Now, I know, this is where we can cite all sorts of happy stats to warm A’s fans’ hearts, like their huge run differential or their expected record, which is six games better (79-43) than where they’re actually at (73-49). But wasn’t this supposed to the team that was better than the sum of its parts, not worse? Admittedly, that was a sportswriterly narrative that wilts in the daylight of data, but to stick with the facts, a big chunk of the A’s run differential belongs to early-season blowout wins that this lineup hasn’t been cranking out of late, as well as that stack of close losses that you can blame on the early-season mistake of having Jim Johnson as their closer.
And the thing to keep in mind is that the A’s won’t get any of that back -- those runs, wins and losses are history and already banked, and that accrual doesn’t mean squat for the last 40 games. That’s because this team is a significantly different collection of players than that which stacked up that run differential in the first place just a few short months ago. You can’t expect it to continue or magically continue. A big win in May can’t do anything more to keep the A’s ahead of the Angels than it already has. The A’s relative run differential is shrinking, and even with Lester and Samardzija and Gray going strong, it’s probably going to shrink more.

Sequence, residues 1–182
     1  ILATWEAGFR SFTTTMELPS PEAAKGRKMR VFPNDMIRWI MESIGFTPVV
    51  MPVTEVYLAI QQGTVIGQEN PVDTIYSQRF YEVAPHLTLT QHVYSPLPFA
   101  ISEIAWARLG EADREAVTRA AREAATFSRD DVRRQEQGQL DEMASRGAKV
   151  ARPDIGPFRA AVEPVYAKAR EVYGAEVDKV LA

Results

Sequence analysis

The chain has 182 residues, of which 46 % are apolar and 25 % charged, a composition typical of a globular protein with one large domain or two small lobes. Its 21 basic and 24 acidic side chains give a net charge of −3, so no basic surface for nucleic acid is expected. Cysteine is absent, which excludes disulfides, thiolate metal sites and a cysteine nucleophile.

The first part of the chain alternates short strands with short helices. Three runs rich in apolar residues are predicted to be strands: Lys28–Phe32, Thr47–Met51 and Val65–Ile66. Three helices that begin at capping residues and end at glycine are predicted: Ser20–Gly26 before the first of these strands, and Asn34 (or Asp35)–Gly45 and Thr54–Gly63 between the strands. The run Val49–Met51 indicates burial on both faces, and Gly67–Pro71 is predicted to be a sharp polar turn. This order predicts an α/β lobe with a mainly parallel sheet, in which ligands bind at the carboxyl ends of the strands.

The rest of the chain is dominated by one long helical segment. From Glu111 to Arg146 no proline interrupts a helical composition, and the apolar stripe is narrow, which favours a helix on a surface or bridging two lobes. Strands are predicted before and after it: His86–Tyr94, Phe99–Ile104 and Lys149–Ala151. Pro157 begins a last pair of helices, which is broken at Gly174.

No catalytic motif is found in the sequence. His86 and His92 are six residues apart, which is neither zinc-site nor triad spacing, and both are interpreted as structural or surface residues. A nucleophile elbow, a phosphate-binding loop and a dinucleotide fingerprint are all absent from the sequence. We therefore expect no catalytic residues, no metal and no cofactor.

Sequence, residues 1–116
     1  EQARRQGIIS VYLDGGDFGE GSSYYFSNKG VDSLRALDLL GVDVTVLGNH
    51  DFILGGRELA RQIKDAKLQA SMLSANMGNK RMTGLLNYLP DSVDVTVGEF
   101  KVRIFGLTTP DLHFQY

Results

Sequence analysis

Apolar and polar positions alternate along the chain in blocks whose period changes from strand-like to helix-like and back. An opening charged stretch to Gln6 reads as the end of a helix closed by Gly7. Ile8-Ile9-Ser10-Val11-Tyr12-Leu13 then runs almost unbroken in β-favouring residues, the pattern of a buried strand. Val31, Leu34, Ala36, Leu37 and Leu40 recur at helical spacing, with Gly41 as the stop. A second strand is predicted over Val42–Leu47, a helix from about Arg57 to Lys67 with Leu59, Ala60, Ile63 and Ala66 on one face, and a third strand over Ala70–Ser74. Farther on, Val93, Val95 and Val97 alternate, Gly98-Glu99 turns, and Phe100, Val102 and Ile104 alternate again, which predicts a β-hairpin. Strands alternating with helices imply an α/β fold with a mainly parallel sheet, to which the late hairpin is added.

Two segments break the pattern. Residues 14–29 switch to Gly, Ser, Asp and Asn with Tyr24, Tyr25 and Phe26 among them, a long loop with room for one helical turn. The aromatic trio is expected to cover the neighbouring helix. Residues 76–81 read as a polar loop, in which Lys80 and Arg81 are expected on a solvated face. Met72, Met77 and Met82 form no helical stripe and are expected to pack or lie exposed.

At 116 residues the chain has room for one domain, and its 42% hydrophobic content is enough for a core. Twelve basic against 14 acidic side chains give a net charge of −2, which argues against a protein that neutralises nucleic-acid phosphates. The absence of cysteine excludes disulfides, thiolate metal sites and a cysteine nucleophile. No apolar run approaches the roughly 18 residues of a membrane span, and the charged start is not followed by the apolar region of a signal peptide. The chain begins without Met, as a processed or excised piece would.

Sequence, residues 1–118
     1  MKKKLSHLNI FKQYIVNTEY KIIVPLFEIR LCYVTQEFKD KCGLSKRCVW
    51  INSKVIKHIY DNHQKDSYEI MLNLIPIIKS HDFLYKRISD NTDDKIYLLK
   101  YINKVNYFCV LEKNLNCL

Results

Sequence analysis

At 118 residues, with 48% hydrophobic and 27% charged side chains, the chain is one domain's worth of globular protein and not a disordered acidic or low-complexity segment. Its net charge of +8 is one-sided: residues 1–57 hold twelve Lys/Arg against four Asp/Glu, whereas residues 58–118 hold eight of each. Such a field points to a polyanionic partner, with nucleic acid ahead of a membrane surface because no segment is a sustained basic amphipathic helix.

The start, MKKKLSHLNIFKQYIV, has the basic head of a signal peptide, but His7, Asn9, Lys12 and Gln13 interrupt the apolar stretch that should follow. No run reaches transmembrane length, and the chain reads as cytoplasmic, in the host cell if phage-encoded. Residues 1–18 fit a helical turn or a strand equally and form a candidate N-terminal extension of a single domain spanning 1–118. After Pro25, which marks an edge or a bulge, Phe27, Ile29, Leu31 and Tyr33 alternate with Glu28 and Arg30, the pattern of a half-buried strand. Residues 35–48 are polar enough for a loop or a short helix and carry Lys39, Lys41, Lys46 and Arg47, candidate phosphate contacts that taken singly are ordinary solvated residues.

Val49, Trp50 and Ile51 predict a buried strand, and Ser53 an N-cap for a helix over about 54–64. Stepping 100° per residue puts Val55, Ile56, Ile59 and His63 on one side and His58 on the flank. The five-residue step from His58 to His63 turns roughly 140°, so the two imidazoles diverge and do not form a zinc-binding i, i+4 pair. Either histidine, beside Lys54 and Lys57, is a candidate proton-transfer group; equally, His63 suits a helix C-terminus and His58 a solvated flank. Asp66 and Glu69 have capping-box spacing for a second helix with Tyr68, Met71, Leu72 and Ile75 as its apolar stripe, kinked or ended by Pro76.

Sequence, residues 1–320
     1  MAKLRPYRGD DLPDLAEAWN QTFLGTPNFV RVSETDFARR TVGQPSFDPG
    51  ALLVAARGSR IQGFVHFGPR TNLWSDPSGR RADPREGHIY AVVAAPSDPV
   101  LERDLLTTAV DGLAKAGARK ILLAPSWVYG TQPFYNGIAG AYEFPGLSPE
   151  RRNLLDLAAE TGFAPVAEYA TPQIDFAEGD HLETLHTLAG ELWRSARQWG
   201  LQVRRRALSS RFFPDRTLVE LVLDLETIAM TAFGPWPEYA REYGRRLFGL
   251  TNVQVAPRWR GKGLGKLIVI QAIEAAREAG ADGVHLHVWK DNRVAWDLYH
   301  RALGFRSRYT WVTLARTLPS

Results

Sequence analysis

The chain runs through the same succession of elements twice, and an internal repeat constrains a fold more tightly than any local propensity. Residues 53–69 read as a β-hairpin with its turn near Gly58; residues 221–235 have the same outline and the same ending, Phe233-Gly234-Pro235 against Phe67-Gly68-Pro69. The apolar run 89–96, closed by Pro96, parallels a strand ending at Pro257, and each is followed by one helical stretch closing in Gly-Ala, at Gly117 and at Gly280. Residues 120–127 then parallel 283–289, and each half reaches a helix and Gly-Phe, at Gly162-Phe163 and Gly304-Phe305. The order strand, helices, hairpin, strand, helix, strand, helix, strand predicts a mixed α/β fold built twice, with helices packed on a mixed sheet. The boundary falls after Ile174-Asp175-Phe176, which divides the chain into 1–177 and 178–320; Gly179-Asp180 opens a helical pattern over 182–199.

This is why all you ditch that stuff about the A’s being the best team in baseball, or having the best record in baseball. It’s true for as long as nobody catches them while playing .500 brand of baseball as they have lately, and that won't be for much longer. So Oakland needs an in-season rebound, starting now. Beating the struggling Braves in this series may not sound like much, but the A’s have to start somewhere if they’re going to fulfill any of the expectations put on them, let alone stay a game ahead of the Angels.
Christina Kahrl writes about MLB for ESPN. You can follow her on Twitter.